First evidence of unknown ancient ‘Israeli Silk Road’ uncovered in Arava trash dump
Newly uncovered remains of fabrics from the Far East dating to some 1,300 years ago in Israel’s Arava region suggest the existence of a previously unknown “Israeli Silk Road,” according to a team of researchers from Israel and Germany.
“Our findings seem to provide the first evidence that there was also an ‘Israeli Silk Road’ used by merchants along the international trading routes,” said Prof. Guy Bar-Oz from the University of Haifa, who is leading the excavation.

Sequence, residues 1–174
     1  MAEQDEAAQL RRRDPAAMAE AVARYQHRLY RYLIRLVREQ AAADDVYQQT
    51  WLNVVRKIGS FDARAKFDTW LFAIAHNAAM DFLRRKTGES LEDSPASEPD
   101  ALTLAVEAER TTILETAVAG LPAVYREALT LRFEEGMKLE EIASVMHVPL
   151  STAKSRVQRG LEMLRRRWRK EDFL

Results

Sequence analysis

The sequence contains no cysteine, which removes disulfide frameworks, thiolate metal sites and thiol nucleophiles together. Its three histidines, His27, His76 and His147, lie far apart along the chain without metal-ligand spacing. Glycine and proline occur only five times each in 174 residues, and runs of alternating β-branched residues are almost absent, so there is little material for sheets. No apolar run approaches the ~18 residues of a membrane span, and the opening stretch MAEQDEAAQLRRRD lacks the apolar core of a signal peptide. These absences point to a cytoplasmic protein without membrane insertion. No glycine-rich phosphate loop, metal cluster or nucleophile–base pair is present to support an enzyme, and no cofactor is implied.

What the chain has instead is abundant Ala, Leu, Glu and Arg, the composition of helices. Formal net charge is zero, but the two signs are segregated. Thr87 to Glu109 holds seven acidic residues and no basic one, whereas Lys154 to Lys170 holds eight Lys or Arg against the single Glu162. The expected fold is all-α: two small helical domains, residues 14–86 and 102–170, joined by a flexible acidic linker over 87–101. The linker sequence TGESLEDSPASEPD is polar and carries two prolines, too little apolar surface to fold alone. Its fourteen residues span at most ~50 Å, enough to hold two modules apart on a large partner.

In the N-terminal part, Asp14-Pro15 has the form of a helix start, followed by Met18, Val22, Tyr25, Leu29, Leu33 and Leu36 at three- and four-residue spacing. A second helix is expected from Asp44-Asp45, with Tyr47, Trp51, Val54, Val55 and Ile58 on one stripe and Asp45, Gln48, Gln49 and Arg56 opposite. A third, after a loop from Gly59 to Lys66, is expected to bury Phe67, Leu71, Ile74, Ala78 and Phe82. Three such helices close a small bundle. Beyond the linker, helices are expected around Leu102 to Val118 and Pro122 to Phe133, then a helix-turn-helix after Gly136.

In a joint excavation sponsored by Germany and carried out by the University of Haifa, the University of Göttingen, and the Israel Antiquities Authority, large quantities of cotton and silk fabrics that likely originated in China, India and modern-day Sudan during the 8th century CE were uncovered in a massive garbage pit at the Nahal Omer site in the Arava Valley, according to a statement issued by the researchers on Wednesday.
Read More: Times of Israel